Russia rejects, for now, talk about sanctions against Iran

McClatchy NewspapersOctober 13, 2009 

MOSCOW -- If Hillary Clinton was hoping to win Russian support for efforts to use a threat of sanctions to pressure Iran come clean about its nuclear ambitions, her first trip to Moscow as secretary of state got off to a rocky start Tuesday.

Russia's foreign minister, Sergei Lavrov, said that economic sanctions or similar moves during the current standoff with Iran about its nuclear program would be "counterproductive."

Clinton's response was measured -- she said that America also wants to pursue dialogue with Iran -- but her remarks made it clear that Tehran's gestures have yet to convince the Obama administration that Iran is willing to negotiate.

"We have always looked at the potential of sanctions in the event that we are not successful, that we cannot assure ourselves and others that Iran has decided not to pursue nuclear weapons," Clinton said at a joint news conference.

Lavrov said that the Geneva meetings at the beginning of this month between Iran and the five permanent members of the United Nations Security Council, plus Germany, were promising enough to shelve talk, for now, of punitive measures.

Iran has agreed in principle to allow international inspectors at a previously secret nuclear facility near Qom -- the first round is scheduled for Oct. 25 -- and to ship most of its enriched uranium to Russia to be refined for civilian uses.

Lavrov's announcement came despite President Barack Obama recent decision to scrap plans for a ballistic missile defense shield in Poland and the Czech Republic, a system that the Kremlin had strenuously opposed. While both sides denied that the decision about the missile defense sites was linked to a deal with Russia about Iran, observers had suspected otherwise.

Last month, Russian President Dmitry Medvedev said during the United Nations General Assembly in New York that, "in some cases, sanctions are inevitable." Later he said during an economic summit in Pittsburgh, "If all possibilities to influence the situation are exhausted, then we can use international sanctions."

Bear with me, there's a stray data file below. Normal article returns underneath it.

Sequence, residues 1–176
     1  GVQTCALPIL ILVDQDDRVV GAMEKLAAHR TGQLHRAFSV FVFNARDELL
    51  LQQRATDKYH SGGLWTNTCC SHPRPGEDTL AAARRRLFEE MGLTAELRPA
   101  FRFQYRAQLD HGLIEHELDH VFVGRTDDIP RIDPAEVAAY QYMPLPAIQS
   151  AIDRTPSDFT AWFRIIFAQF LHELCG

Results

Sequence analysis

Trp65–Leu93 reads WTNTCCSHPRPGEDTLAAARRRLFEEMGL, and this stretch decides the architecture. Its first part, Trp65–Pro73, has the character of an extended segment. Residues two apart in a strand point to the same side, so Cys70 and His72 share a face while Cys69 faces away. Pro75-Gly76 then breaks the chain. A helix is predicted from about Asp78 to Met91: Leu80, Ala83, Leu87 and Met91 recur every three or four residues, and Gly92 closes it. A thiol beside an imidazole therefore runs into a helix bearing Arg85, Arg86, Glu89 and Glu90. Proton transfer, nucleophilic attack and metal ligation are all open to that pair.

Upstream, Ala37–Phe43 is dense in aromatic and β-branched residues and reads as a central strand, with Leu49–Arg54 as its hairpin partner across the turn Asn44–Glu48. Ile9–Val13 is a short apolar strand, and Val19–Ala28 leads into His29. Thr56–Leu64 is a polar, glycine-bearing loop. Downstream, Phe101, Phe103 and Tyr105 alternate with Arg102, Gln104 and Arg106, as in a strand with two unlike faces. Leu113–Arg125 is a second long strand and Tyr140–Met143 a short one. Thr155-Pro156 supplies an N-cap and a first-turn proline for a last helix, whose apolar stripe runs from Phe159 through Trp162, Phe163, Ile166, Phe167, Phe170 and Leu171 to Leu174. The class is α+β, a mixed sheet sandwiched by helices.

However, Lavrov Tuesday seemed to signal that the Kremlin doesn't think all other approaches have been exhausted yet.

Analysts in Moscow said the bottom line is that Russia isn't going to back sanctions against Iran -- at least not anytime soon.

"Russia will try to postpone, postpone and postpone the discussion on sanctions," said Dmitry Suslov, the deputy director of the Council on Foreign and Defense Policy, a policy institute with close ties to the Russian government.

Beyond wanting to wait for the results of inspections, Suslov said that Russia does a lot of business with Iran. Russia helped build Iran's Bushehr nuclear reactor, for example, and has given conflicting signs about its willingness to sell Iran its S-300 missile defense system, which could provide sophisticated air defenses for nuclear sites.

There are broader considerations about Russia's place at the global table, too. The Kremlin's role as an intermediary with Iran gives it a strong bargaining chip with the U.S., Suslov said. If Russia signed off on an American push to get the U.N. Security Council to consider sanctions, he said, Russia would "reduce its own weight and its own importance in the eyes of the United States."

If the Kremlin is sending conflicting signals about Iran, and presumably is bargaining for more concessions from the U.S. in the meantime, fellow Security Council member China is even less willing to consider sanctions against a key supplier of natural gas.

"It's quite possible that Moscow can give guarantees to Clinton that it will not work as a spoiler against future resolutions" -- on sanctions against Iran -- "in the U.N.," said Alexander Goltz, a leading military expert who writes for an online journal in Moscow.

Before it does so, however, Goltz said, the Kremlin would ask for just one guarantee: "That the Chinese will do the same."

That condition would make such an offer basically worthless, at least for now. A Chinese foreign ministry spokeswoman told reporters last month, "We believe that sanctions and exerting pressure are not the way to solve problems," according to Western wire services.

"In this context, it's very convenient to say our position depends on China," said Yevgeny Volk, the coordinator of the Moscow office of The Heritage Foundation, a conservative Washington-based policy organization. "It's a way of trying to explain why Russia is pursuing a policy that is in many ways anti-American."

As Volk spoke Tuesday afternoon, Russian Prime Minister Vladimir Putin was in Beijing signing multibillion-dollar agreements with the Chinese government that included extensive plans for natural gas deliveries to China. Official newswires in both capitals praised the deals as a sign that the two countries are growing closer.

McClatchy Newspapers 2009

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